Photographer Naomi Carson has surprised even herself with her urge to buy a house and put down roots. A fixer upper in a beautiful rural town seems a perfect clean slate on which to begin her new life and she feels at long last that she can relax and plan for the future. Naomi soon finds that with making personal connections comes complications, but they are welcome ones to someone who has spent most of her life leaving as small an emotional footprint on the world as she can.
Best selling author Nora Roberts excels in churning out the whip fast reads, and THE OBSESSION is another book where the dialogue is snappy, we have a savvy and feisty heroine, and the love interest is uber masculine and good with his hands. You will be half way through this novel before you know it, caught up in the evolving relationship between the two leads whilst not losing sight of the fact that there is someone waiting and wanting to bring all that happiness down.
There is quite a contrast between the present day Naomi scenes, and the first few chapters set in the past where the horror all began. It is relayed in such a teen thriller fashion that you are almost expecting a punch line or to find out it was some horrible dream. These introductory chapters don't gel with the bulk of the book, which is breezy modern romance. The book finds its pace when we have Naomi in her new home, making renovation plans with her builder, pottering around with her photography and meeting the townsfolk. Naomi is a trauma survivor and it is in the many smaller details of how she builds this new home for herself where satisfaction lies for the reader.
There are no surprises in this novel and the crime aspect is almost unnecessary, other than as a way to explain why Naomi is gun shy of relationships and is starting out anew. Fans will enjoy this read and care for both Xander and Naomi, and Naomi's family and the townsfolk as well. A sweet winter read about moving on and not letting the past limit your future happiness.
BLACK-EYED SUSANS, Julia Heaberlin
Seventeen-year-old Tessa, dubbed a 'Black-Eyed Susan' by the media, became famous for being the only victim to survive the vicious attack of a serial killer. Her testimony helped to put a dangerous criminal behind bars - or so she thought. Now, decades later, the case has been reopened and the black-eyed Susans planted outside Tessa's bedroom window seem to be a message from a killer who should be safely in prison. Tessa agrees to help with the investigation, but she is haunted by fragmented memories of the night she was attacked and terrified for her own teenage daughter's safety.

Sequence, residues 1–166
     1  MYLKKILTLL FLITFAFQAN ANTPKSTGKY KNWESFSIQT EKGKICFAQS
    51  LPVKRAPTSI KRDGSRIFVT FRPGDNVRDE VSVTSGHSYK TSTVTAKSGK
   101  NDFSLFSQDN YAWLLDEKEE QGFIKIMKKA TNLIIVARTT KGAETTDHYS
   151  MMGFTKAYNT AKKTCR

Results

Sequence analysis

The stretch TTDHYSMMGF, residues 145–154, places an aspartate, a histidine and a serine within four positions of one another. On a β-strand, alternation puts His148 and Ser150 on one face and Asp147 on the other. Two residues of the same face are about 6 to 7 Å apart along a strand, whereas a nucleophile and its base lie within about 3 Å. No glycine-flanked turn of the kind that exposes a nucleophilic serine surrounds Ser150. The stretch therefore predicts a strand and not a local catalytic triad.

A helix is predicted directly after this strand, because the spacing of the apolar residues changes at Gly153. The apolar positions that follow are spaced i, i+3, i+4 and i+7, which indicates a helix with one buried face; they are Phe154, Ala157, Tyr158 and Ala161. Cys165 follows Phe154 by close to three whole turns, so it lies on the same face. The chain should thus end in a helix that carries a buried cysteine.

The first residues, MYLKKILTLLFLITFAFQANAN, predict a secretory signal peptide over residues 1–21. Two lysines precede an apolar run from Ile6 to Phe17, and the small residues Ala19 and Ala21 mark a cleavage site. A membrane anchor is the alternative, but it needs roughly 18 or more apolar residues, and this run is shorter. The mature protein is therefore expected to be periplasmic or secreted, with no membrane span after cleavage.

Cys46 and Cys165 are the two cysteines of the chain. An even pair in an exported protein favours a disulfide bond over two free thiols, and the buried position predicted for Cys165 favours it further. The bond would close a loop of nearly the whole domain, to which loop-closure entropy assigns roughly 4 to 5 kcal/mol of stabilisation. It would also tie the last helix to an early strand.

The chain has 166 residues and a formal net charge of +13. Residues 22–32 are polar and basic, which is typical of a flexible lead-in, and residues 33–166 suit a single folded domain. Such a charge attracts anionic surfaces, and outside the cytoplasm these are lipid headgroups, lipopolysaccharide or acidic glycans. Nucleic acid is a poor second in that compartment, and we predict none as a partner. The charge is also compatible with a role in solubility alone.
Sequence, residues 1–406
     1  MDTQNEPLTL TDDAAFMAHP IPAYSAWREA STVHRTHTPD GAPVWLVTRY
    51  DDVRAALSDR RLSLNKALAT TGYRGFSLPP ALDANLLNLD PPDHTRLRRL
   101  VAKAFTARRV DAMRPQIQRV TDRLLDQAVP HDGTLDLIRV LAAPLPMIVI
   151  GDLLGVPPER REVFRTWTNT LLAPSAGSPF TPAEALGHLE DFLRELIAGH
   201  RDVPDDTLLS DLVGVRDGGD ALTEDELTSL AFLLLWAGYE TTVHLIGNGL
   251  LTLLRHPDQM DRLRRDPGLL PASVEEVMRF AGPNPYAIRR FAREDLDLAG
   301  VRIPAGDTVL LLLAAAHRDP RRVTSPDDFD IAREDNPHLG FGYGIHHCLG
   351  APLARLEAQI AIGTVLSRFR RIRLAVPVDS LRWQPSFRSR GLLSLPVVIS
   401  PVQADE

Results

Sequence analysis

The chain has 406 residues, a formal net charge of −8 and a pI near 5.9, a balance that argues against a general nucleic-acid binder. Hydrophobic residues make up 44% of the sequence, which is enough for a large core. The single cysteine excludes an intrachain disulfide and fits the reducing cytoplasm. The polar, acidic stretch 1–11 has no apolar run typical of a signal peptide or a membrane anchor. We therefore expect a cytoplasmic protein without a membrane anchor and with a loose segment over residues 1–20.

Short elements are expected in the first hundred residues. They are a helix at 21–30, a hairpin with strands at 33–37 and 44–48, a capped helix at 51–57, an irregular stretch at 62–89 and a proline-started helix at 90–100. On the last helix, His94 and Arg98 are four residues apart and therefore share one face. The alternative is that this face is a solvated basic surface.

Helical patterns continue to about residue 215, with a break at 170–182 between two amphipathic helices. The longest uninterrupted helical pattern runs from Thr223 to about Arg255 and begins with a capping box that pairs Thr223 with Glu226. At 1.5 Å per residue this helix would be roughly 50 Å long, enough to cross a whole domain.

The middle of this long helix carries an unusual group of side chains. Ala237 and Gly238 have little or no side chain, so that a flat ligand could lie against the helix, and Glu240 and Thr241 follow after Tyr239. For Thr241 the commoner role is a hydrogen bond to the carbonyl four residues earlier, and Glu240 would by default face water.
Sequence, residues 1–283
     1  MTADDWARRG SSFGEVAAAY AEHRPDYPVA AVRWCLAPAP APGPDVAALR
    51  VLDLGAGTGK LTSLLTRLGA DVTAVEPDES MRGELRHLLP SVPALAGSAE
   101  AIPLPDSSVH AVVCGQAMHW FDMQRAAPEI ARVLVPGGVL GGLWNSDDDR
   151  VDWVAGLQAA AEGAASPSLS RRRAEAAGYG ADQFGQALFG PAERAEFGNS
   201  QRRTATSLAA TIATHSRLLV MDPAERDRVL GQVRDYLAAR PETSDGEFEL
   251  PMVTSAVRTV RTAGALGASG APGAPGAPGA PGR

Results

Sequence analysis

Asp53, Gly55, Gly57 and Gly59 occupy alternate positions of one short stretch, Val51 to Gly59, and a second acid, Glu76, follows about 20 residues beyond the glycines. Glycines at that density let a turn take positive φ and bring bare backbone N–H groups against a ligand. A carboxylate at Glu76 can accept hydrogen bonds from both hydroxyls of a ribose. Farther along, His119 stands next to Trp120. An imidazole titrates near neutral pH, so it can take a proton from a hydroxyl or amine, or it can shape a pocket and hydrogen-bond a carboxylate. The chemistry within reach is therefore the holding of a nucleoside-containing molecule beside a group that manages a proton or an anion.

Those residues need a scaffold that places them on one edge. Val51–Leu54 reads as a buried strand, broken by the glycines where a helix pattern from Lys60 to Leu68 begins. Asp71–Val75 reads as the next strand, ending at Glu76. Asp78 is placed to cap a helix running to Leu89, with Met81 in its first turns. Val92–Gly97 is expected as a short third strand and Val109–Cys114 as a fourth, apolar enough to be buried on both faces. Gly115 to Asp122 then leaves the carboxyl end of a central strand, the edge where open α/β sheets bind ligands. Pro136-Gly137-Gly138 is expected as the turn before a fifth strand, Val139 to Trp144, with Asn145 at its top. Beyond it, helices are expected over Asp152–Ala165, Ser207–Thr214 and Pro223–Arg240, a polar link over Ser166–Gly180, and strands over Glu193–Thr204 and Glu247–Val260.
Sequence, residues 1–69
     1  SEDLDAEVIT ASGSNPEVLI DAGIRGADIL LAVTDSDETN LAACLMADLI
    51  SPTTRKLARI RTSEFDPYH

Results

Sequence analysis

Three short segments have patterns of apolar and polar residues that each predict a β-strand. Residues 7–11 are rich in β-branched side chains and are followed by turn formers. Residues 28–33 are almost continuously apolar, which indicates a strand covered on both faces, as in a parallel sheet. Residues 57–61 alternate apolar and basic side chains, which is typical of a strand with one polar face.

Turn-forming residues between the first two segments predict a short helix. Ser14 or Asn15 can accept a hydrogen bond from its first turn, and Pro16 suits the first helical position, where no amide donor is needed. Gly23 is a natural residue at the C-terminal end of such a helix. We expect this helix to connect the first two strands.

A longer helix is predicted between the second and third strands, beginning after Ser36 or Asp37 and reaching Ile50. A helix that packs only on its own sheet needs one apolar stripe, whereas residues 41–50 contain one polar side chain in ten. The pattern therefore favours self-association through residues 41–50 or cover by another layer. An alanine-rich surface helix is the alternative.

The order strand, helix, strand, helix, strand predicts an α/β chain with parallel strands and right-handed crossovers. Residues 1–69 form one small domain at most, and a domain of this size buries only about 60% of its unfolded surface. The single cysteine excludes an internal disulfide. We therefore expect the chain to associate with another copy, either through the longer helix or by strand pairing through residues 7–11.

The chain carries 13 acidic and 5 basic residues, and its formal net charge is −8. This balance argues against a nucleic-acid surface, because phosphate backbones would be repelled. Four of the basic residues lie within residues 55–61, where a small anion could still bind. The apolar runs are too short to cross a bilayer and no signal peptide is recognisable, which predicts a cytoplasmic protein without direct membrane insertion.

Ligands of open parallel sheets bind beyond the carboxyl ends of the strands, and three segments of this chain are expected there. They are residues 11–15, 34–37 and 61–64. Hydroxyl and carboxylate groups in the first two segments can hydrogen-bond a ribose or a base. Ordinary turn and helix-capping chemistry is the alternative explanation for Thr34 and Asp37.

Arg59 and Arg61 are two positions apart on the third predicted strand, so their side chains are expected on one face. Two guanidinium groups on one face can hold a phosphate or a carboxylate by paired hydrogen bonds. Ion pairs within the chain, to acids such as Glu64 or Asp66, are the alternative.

BLACK-EYED SUSANS is a full arc crime novel. There is the immediacy of the act and recovery for the victim and then there is hindsight through to resolution. Tessa is a grown adult with a child of her own in alternating scenes of this novel. Whilst the killer in this read has attacked multiple victims this is not a serial killer novel. BLACK-EYED SUSANS has resonance with the “after”; as in what happens to child victims of crime; how do their lives go on, does it forever after affect their development into adults and the fact that the bulk of their life is being lived after experiencing such horrific trauma.
There is nothing wrong with a slow build, that being the usual framework of a suspense novel after all, but there can be such thing as too much navel gazing when a novel is written in first person narrative. BLACK-EYED SUSANS has many strengths but loses some pace in the final quarter as we are being guided towards discovery. Our protagonist has been watching her back and jumping at shadows for a very long time since she was taken in childhood so as Tessa begins to question her own long thought and cemented assertions, the process is a little drawn out.
Author Julia Heaberlin has created an “everyperson” novel and that is the prime appeal of this read. There is nothing unusual or exceptional about Tessa as a child and she hasn’t developed superhero abilities as part of her recovery; she has lived her life never being sure of what exactly happened and begins to question her own reactions and processes in relation to who was around her at the time of the crime, and to who is sharing her life now in the present.
As a final note, props to the designer of the cover! The distinctive cover art of this book has repeatedly caught the eye of this reviewer in online publications.